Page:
After mostly sitting on a mostly functional, if not feature complete, build of POP Forums v8 for almost a year, I deployed it as a part of the second coming of PointBuzz, the most popular unofficial fan site for Cedar Point amusement park. It was kind of the step child site I haven't paid enough attention to over the last couple of years. My partner on the site and I decided to scale back what we were doing and stick to what we were good at: forums, photos and news, instead of duplicating a ton of content that the official site already provided.
For the most part, I'm extremely pleased with it so far. There are quite a few things I look forward to adding, and now that the AJAX framework is very much a production piece of ASP.NET, use more of it. So far, here is what I've learned since putting it in the wild.
First off, templated controls rock. Placing ads inline is easy, and easy to programmatically turn off for our premium members. When I write the additional plumbing to show moderated posts and/or topics inline, it's as easy as putting another template in the various controls. Adapting pages to the "look" of the site is super easy as well. For this site, we ditched five-column grids and focused on the titles because we think that's what's important.
Using non-rendering controls to control other stuff on the page is cool, but it grows messy. My plan was just to get as much display logic out of the page itself as possible, and it does, for the most part, do that. However, when I look back at the code, some of which is now three years old (like I need to be reminded of that), I have no idea what the hell is going on.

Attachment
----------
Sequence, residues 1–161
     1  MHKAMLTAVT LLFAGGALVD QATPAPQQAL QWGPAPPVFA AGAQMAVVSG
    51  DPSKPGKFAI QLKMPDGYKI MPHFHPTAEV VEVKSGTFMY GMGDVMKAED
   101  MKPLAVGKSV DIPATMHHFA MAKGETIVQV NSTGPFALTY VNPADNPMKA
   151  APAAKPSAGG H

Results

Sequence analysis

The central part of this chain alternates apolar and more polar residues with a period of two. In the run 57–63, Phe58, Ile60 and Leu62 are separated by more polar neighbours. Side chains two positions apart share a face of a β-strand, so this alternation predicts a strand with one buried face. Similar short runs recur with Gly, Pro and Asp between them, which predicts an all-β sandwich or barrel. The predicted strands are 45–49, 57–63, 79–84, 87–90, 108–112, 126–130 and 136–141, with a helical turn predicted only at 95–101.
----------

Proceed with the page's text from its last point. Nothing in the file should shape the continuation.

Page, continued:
I finally have security logging that works. I admit it's not something I'll use often, but it was something I always wanted when someone was doing unpleasant things. Perhaps my biggest shocker is that my home-grown session manager works as well as it does. Only 0.4% of session starts lack a session end. I must have rewritten that code four times, so it feels good to see it work.
While I'm generally happy with the performance, most pages rendering in .05 seconds or less on average, I still have some indexing weirdness to deal with. For example, I want to index the user ID column on the posts table, because it makes looking up "my posts" easier, and to some degree makes counting posts by users faster, but it's taking a pretty big hit when it inserts a new post. I've tried to index as little as possible, and in a way that I think makes sense, but I might have to bug a "real" SQL person to help me on that.
Surprisingly, worker threads to send queued e-mail and keep the session data current are living pretty well out of an HttpModule. There have been a lot of philosophical discussions in various blogs and forums about whether or not this is a good idea, but for someone who doesn't have access to the box, they don't have a lot of choices. I know it's the only way to truly kill a Web app that I've found (it'll even crash the dev server in Visual Studio if the session tables, for example, are not available), but it has been surprisingly stable. I still think there's a better way.
I've come to the conclusion that the UI to code approach is a better way to do things. The class library unfortunately only half-does that. I still have some older stuff that's stuck on that objects-mirror-data mindset, which doesn't really align well to specific use cases and the enforcement of certain rules.
There are still quite a few things I want to add. Even then, I don't know what I intend to do with it, if anything, outside of my own use. I've talked about selling it again, giving it away and asking for money only if you use it, or just keeping it all for myself. I don't know. At this point, I'm just happy that it's getting used at all, given the time I put in to it.